- When you installed your operating system, we advise you to install VMware Tools on your Virtual Machine because VMware Tools is a set of utilities that improve the performance of the guest operating system of virtual machines and improve virtual machine management. Without the installed VMware tools in your guest operating system, the guest performance does not have important functionality.
On your main screen you will notice the information that VMware Tools are not installed, click on Action bottom, then Guest OS and then Install VMware Tools.
- You need to login on your Virtual Machine command line and run commands with SUDO permission. For this purpose, we are using Debian GNU/Linux 9.
To create a mount point, run:
- To mount the CDROM, run:
mount /dev/cdrom /mnt/cdrom
- To check current version of VMware Tools, run:
- You will see the version of the package; in our case it is: VMwareTools-10.2.1-8267844.tar.gz
- To copy the Compiler gzip tar file to a temporary local directory, run:cp /mnt/cdrom/VMwareTools-10.2.1-8267844.tar.gz /tmp/
Please note that based on your package version you will have to adjust the command.
- To change to the tmp directory and extract the contents of the tar file into a new directory called vmware-tools-distrib, run:
tar -zxvf VMwareTools-10.2.1-8267844.tar.gz
- To change directory to vmware-tools-distrib and run the vmware-install.pl PERL script to install VMware Tools, run:
- Complete the screen prompts to install the VMware Tools. Options in square brackets are default choices and can be selected by pressing Enter.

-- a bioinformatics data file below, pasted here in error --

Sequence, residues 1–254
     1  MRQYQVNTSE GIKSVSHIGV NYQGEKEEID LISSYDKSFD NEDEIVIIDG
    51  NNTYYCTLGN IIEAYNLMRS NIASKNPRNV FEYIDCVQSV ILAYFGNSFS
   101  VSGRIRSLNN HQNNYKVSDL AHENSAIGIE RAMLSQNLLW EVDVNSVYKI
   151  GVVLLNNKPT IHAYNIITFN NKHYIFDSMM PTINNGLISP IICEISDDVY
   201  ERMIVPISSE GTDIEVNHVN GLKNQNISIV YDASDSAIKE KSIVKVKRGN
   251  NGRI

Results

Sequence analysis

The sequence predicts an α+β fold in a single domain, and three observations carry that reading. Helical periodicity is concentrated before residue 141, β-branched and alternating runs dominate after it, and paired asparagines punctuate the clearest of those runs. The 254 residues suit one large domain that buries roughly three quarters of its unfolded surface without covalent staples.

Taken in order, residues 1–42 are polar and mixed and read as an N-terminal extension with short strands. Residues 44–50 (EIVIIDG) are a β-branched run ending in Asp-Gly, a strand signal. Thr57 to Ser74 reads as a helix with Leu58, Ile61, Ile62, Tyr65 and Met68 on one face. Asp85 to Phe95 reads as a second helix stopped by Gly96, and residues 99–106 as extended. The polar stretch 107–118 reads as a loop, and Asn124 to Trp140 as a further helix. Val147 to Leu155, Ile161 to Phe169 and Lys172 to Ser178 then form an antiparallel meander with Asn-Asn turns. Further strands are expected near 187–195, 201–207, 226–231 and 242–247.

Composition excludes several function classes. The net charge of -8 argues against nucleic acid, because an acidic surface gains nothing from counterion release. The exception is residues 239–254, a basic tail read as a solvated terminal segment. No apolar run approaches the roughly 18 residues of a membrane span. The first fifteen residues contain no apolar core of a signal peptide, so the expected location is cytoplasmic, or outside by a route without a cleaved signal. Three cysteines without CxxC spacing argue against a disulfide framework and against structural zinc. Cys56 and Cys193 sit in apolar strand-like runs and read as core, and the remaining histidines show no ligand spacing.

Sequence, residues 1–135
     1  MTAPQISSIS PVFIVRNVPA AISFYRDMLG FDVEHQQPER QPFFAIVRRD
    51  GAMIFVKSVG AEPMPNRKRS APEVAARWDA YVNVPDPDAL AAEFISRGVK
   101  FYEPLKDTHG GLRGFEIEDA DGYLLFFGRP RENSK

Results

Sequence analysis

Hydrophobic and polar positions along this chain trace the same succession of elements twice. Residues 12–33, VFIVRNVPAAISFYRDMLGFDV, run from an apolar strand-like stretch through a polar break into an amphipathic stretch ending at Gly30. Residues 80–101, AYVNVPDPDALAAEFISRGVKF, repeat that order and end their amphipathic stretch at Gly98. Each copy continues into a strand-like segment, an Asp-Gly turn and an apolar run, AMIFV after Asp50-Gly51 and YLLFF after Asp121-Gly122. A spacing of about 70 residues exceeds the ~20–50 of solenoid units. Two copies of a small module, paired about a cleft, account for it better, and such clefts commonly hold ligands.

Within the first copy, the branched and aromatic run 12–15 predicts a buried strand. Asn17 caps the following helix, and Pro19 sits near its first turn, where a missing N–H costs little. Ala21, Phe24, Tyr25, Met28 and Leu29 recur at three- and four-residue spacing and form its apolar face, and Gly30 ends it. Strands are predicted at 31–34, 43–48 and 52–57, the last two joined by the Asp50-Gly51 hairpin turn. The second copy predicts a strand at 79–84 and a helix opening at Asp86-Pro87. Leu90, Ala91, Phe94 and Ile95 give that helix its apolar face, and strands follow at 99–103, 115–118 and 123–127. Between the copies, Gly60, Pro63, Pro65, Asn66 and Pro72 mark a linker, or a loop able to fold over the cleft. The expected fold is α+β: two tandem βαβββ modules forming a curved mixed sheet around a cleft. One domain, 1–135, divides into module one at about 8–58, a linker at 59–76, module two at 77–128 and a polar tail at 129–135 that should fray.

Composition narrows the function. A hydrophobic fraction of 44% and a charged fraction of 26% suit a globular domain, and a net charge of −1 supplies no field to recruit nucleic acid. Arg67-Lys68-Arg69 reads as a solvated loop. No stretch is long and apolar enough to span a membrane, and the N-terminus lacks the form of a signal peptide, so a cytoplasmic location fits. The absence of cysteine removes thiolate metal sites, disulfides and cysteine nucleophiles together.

- To compile VMware Tools successfully, you need gcc Compiler and Linux Kernel sources provided by your Linux distribution. Consult your Linux distribution documentation for details on methods to install these packages.
- It is normal for the console screen to go blank for a short time during the installation when the display size changes.
- Some warnings or errors are normal, like when a file does not exist.
- Depending on the Linux distribution, your network service might restart after installation. VMware recommends that you invoke this command from the console and not remotely.
- If you are running a GUI interface, restart your X Window session for any mouse or graphics changes to take effect.
- To start VMware Tools running in the background during an X Window session, run:
- Depending on your environment, you may need to unmount the CD-ROM. To unmount the CD-ROM, run:
- Depending on your environment, you may need to manually end the VMware Tools installation. To end the VMware Tools, install, click VM in the virtual machine menu, then click Guest > End VMware Tools Install.
- To remove VMware Tools installation packages, run:
rm -rf /tmp/vmware-tools-distrib
- Verify that the installation of the VMware Tools is done successfully, you will notice that because there is no more information about that the Action is required for VMware Tools installation, and also you will notice that the performance of your guest operating system is improved.